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Kaze no Namae wa Amnesia
(A Wind Named Amnesia)
Copyright: © 1993 Hideyuki Kikuchi / Asahi Sonorama / Right Stuf Office / Japan Home Video, © 1994 US Manga Corps
Length: 80 minutes
Genre: science-fiction / action
Rating: NR, Parental Discretion Advised
Format: DVD (Original Japanese/English Dub/English Subtitle), VHS (Original Japanese Dialog/English Subtitles)
Original story by: Hideyuki Kikuchi Production: Yoshio Masumizu Screenplay: Kazuo Yamazaki, Yoshiaki Kawajiri Character Design: Satoru Makamura Art Director: Mutuo Koseki Executive Producer of English Version: John O'Donnell English Translation: Neil Nadelman
Recommended for Mature Audiences - Violence, nudity and sexual situations. Several scenes of intense and graphic violence, some casual nudity and scenes of sex. Definitely not for children.
Sometime in the waning years of the 19th millenia, a mysterious wind sweeps across the world, erasing everyone's memories... Well, not quite everyone. A confused and frightened 16-year old happens across a young wheel-chair bound boy, being attacked by the product of military ESP experiment gone wrong. For reasons he cannot explain, the confused young man saves the helpless invalid, only to discover that his benefactor - "Johnny" - is also the result of a military experiment; one that increases the information capacity of the human brain. The result of this experiment was that Johnny still had his memories, and with the aid of a computerized teaching machine, programs knowledge back into the wandering soul. Johnny also gives the young man a name: "Wataru", which translates roughly as "the wanderer."
Unfortunately, Johnny is not well, and a few years later, passes away. But Johnny had a task for Wataru: travel the country, and see what has become of Mankind. For Mankind has now been handed the proverbial tabula rossa - clean slate - and could start anew. Accompanied by a strange female traveller who seemingly has been spared the effects of the wind, Wataru embarks on a cross-country journey to discover the fate of Man -- or perhaps, determine its destiny.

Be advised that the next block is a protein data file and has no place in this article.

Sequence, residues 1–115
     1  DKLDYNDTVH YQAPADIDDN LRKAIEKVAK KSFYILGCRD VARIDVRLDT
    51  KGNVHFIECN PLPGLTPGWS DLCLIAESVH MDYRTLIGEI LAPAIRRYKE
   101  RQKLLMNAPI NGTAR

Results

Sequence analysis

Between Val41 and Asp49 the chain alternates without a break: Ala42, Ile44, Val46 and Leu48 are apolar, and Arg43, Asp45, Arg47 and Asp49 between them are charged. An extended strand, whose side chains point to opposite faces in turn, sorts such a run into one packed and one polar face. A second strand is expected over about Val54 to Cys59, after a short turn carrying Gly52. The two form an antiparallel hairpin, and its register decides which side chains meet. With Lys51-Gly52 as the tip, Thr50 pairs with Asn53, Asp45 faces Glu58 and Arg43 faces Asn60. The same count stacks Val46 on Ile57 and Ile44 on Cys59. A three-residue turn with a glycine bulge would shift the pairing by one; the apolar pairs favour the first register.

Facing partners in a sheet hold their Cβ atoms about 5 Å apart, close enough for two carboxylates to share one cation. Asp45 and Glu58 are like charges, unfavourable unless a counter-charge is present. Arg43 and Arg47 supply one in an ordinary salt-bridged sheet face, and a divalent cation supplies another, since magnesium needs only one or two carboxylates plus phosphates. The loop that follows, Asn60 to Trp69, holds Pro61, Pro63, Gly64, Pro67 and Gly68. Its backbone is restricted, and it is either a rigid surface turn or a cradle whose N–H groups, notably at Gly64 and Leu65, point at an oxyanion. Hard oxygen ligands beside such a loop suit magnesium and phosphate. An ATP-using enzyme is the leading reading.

This video should come with a warning - those of you expecting to be able to watch this and not go away reflecting on the contents will be very surprised. Amnesia is a surprisingly thought-provoking exercise in "what if" -- what if man was stripped of all knowledge and preconceptions, and thrust back into his environment? While many anime are content to merely use the concept as a plot device, this movie uses the topic to explore and ponder some interesting aspects of human sociology and development. Material is very well considered, almost to a fault -- at times, you'll feel like you're in the middle of a textbook. That's not so much the fault of the writers, but more the direction. The story is presented in a very matter-of-fact, clinical manner. This is rather unfortunate, since the underlying story is quite well realized.
Animation is very well done, with some effort put into making the backgrounds part of the story telling device. Some will undoubtedly find part of the entertainment coming from figuring out the various landmarks depicted in the movie (I'd be willing to bet that the town in Montana is actually based on Banff, Alberta, a very popular destination for the Japanese.) Acting is something else. Like the directing itself, most of the vocals feel out of place and forced, lending an even more detached feel to the movie. While this may suit the Sophia character (played by Toda Keiko), it doesn't suit the rest of the players, with the possible exception of Johnny (played by Yamaguchi Kappei). One other aspect of this show bothers me: the subplot involving the out-of-control gaurdian chasing Wataru and Sophia across America. The writers have already crammed a lot of philosophy into this production, the addition of this sub-plot was extraneous and feels entirely out-of-place. While the message about technology is fairly clear, I can't shake the feeling the the only reason that this was included was to add some action to what is effectively a cerebral work.
The show is most effective when it sticks to its exploration of the nature of mankind, and the possibility that the various aspects of human nature are inescapable. Sometimes preachy and sometimes sublime, Kaze No Namae Wa Amnesia is a very thought-provoking film. This is one of those movies that you watch over biscotti and latté, not popcorn and Coke.
- AN, 98.04.23